The Medicine Wheel is a metaphor for a variety of spiritual concepts and a representation of the interconnectedness of all life.
Like the stone circles across the UK, the origin of the Medicine Wheel is largely unknown. These ancient sites hold evidence of ritual activities and astrological knowledge, but details of how and why they were used remains a mystery.
The most well known contemporary use of the Medicine Wheel can be found in the traditions of the Native Americans. Sites were constructed by placing stones in specific patterns often following the cardinal directions. These in turn spoke of a variety of qualities relating to the cycles of life which were incorporated into a process of personal reflection and growth.
The use of the Medicine Wheel in the Celtic tradition also has a strong elemental feel. Using the cardinal points, known to the Celts as ‘Airts’, each point was used as a path of self-enquiry which, through personal interpretation offered guidance and healing on life’s journey. The wheel also related to the natural world through association with trees and deep symbolic connection with the elements of air, fire, water and earth.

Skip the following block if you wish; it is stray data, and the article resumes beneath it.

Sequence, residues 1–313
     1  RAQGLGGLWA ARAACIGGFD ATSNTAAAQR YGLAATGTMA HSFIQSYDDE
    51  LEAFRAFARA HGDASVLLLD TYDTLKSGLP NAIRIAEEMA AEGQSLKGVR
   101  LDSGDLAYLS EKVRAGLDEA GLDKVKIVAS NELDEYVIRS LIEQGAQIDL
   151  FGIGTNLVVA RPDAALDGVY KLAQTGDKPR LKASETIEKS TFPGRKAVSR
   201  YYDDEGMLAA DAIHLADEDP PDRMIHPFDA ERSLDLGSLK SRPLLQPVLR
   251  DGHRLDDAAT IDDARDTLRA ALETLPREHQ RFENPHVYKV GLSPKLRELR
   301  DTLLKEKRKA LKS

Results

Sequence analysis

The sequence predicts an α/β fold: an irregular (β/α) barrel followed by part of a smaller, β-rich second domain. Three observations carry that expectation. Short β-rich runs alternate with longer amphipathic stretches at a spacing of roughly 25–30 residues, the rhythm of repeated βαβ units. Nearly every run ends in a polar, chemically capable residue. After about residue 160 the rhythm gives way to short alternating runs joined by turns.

Traditions evolved specific to particular geographical locations using the flora and fauna, landscape and the seasons in the evolution of their own unique expression. The Celtic Medicine Wheel also ties into seasonal celebrations such as Imbolc, Beltaine, Lammas and Samhain.